• 60. In 1987, the Air Force launched SSM/I – the follow-on to SMMR
    • 61. In 1991, the European Space Agency launched ERS-1 – the follow-on to SASS
    • 62. Between 1985 and 1995, no fewer than 7 Synthetic Aperature Radar missions were launched – all following on the Seasat SAR
    • 63. By the time Vince Salomonson welcomed attendees to IGARSS 1990, the society had a full blown success on their hands
    • 64. Grown to 10 parallel sessions over 4 days
    • 65. Covering topics frominstrumentation techniques, to atmospheric observations, to early Global Change papers
    • 66. Increasing focus on routine production of global data products, supporting both operational and science missions
    8
  • 67. The Second Decade of IGARSS ushers in new operational capabilities and the advent of continuous global data
    • In 1990, Remote Sensing was still largely a government led and funded activity
    • 68. The 90s ushered in a broader focus within IGARSS
    • 69. The emergence of Remote Sensing as a tool for National/International Policy –making
    • 70. NASA once again pushed the state of the art with its Earth Observing System
    1998: NASA Earth Observing
    System Launches Terra !
    9
  • 71. IGARSS 2000
    • Plenary Session Speakers announced the critical role of remote sensing in enforcing the Kyoto Protocol
    • 72. A new role for Remote Sensing
    • 73. The MODIS instrument on EOS Terra storms onto the IGARSS stage
    10
  • 74. Relationship of Remote Sensing to “Ground Truth” & Campaigns
    11
    • Throughout the first 35 years of the field, Remote Sensing measurements were compared to in situ measurements
    • 75. The bias toward believing that which we can put our hands on is evident in our choice of language “Ground Truth”
    Graduate
    Student
    And, of course…
  • 76. 2001-2010
    12
    • 2002: EOS Aqua Launch!
    • 77. AMSR brings low frequency radiometry back into the forefront
    • 78. 2003: WindSat on Coriolis Launch !
    • 79. First space borne demonstration of wind vector capability from passive microwave
    • 80. Rapid increase in internet capacity and data standardization through GIS enables new approaches to data sharing
    • 81. 2005: Google Earth released
    • 82. 2007: First Iphone introduced
  • 2010 and Beyond: Citizen Scientists Add a New Dimension!
    13
    • Growth in Citizen Science interest increases available “work force”
    • 83. Smartphones enable data collection & upload
    • 84. Webtools enable worldwide collaboration
    • 85. Digital photography enables inexpensive “truth” data
    • 86. Facts:
    • 87. 250 Terabytes of high resolution images received from Earth Observation Satellites each day in 2009
    • 88. 1.18 billion mobile cell phones sold worldwide in 2008
    • 89. 400 million downloads of Google Earth – users contribute geospatial information
    • 90. Sensors of all types are being integrated in garments and mobile units are commercially available
    • 91. Atmospheric gas-level
    • 92. Ultraviolet radiation
    • 93. Heart rate
    • 94. Humidity
    • 95. Temperature
    • 96. Noise Level
  • 14
    Coral Reef Habitat Mapping: Enabling Community Mapping and Monitoring
    Dr. Chris Roelfsema and Prof. Stuart Phinn, University of Queensland
    Need:
    Map coral reef habitats with high spatial resolution imagery and detailed field data.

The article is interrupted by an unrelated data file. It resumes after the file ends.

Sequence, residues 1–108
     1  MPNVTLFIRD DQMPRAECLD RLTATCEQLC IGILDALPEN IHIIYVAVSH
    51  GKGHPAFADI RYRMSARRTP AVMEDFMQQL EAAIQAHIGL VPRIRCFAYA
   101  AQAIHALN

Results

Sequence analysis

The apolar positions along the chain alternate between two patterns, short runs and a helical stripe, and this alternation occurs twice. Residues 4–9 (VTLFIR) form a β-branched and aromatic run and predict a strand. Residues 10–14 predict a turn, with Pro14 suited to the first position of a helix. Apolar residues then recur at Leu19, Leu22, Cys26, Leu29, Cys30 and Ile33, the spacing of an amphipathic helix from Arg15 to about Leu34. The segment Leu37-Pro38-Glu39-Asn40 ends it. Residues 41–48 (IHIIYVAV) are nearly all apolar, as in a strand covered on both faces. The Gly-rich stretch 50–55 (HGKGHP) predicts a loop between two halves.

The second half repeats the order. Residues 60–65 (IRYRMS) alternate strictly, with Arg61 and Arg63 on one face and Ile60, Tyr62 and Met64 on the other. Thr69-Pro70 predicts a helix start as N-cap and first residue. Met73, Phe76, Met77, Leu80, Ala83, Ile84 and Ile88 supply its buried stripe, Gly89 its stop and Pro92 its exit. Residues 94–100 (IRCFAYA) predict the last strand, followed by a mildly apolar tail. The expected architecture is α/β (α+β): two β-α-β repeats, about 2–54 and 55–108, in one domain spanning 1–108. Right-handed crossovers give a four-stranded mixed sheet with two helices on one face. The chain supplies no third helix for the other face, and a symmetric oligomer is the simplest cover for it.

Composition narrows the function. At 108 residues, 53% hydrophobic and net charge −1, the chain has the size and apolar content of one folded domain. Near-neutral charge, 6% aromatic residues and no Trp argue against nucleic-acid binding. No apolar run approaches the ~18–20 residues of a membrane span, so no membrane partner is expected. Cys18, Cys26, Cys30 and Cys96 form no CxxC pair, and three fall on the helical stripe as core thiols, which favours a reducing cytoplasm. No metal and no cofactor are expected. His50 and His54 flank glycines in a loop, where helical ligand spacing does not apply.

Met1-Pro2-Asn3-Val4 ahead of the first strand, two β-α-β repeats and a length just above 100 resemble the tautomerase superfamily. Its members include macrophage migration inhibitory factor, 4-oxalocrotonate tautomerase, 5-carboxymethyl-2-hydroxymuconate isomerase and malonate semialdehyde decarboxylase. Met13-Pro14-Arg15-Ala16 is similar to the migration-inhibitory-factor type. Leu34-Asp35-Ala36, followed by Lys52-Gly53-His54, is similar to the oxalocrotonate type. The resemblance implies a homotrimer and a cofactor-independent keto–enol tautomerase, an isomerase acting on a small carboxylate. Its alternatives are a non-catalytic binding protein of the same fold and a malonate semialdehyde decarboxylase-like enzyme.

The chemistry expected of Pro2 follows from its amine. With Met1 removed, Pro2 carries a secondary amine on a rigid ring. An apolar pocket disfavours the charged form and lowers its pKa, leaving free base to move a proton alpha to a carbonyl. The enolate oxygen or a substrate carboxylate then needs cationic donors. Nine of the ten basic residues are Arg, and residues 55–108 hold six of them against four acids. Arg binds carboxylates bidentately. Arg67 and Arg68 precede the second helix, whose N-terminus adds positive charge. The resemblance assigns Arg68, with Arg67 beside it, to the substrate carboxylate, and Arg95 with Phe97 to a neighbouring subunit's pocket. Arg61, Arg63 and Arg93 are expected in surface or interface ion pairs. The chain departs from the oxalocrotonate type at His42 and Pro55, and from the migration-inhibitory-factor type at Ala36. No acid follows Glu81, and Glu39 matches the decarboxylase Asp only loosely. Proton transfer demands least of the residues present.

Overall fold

The challenge:
    Need for calibration &validation data; as coral reefs are remote, wet and cover large areas, so field data collection is challenging.
    Part of the solution:
    - Georeferenced photo snorkel/dive transect method
    - Assistance needs to be provided to communities to build data collection and analysis
    1 km
  • 97. 15
    Coral Reef Habitat Mapping
    Training in:
    • field data collection & analysis, to volunteers, rangers, students, researchers, technicians & dive instructors
    • 98. image processing to locally based remote sensing technicians
    Outcomes for user & community:
    • Capacity building & ownership
    • 99. Assessment of imagery + habitat map overlaid with georeferenced photos
    Imagery and photo transects
    Habitat map
  • 100. GEO-Wiki
    16
    Dr. Steffen Fritz, International Institute for Applied Systems Analysis (IIASA)
    • Volunteers view both cropland and forest disagreement maps derived from three recent global land cover datasets GLC-2000, MODIS and GlobCover
    • 101. Select and visualize high resolution images with Google Earth & upload or view geo-tagged field pictures (e.g., from Panoramio.com, Confluence.org)
    • 102. Determine which land cover type is found on the ground and decide which dataset is correct
  • 1.Go to: igarss.geo-wiki.org
    2.
    3..
    17
    – For Official Use Only –
    Predecisional, Deliberative Information - Not for Public Release
  • 103. SatCam application for iPhone
    Dr. Liam Gumley, Cooperative Institute for Meteorological Satellite Studies,
    Space Science and Engineering Center, University of Wisconsin-Madison
    SatCam allows the user community to take part in satellite cloud product validation by collecting coordinated sky, ground, and space observations.
  • 104. SatCam Observation Example
  • 105. Globo AmazoniaA Project by TV Globo, the largest network in Brazilwww.globoamazonia.com
    41 million reports in 3 months
    500,000 downloads of Orkut application
    Illegal Logging
  • 106. Globo Amazonia: Real impact
    Senator uses evidence provided by Internet protestors to put forward legislation
  • 107. Discussion
    • What will the next 10 years bring ???
    • 108. Boom of micro satellites
    • 109. Commercial Earth observing capacity increases dramatically
    • 110. Governments change their roles from actively contributing to the EO capacity to overseeing and safeguarding the space infrastructures
    • 111. Near-real time access to space and in-situ sensor data for scientists and public alike
    • 112. Gaming industry takes on the VGI and Community Remote Sensing challenge
    22